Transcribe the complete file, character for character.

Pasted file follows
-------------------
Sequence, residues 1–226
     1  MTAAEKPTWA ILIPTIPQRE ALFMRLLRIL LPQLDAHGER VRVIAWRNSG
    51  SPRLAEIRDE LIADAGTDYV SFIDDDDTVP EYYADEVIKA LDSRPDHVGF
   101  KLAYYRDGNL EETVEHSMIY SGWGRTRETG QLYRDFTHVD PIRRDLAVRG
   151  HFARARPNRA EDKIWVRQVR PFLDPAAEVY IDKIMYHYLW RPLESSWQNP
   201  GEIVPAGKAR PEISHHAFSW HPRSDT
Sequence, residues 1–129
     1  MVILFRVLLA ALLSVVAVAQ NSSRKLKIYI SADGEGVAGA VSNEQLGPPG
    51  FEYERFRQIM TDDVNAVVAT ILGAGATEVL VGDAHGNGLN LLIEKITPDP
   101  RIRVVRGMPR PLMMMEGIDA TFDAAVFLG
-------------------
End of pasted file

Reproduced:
Sequence, residues 1–226
     1  MTAAEKPTWA ILIPTIPQRE ALFMRLLRIL LPQLDAHGER VRVIAWRNSG
    51  SPRLAEIRDE LIADAGTDYV SFIDDDDTVP EYYADEVIKA LDSRPDHVGF
   101  KLAYYRDGNL EETVEHSMIY SGWGRTRETG QLYRDFTHVD PIRRDLAVRG
   151  HFARARPNRA EDKIWVRQVR PFLDPAAEVY IDKIMYHYLW RPLESSWQNP
   201  GEIVPAGKAR PEISHHAFSW HPRSDT
Sequence, residues 1–129
     1  MVILFRVLLA ALLSVVAVAQ NSSRKLKIYI SADGEGVAGA VSNEQLGPPG
    51  FEYERFRQIM TDDVNAVVAT ILGAGATEVL VGDAHGNGLN LLIEKITPDP
   101  RIRVVRGMPR PLMMMEGIDA TFDAAVFLG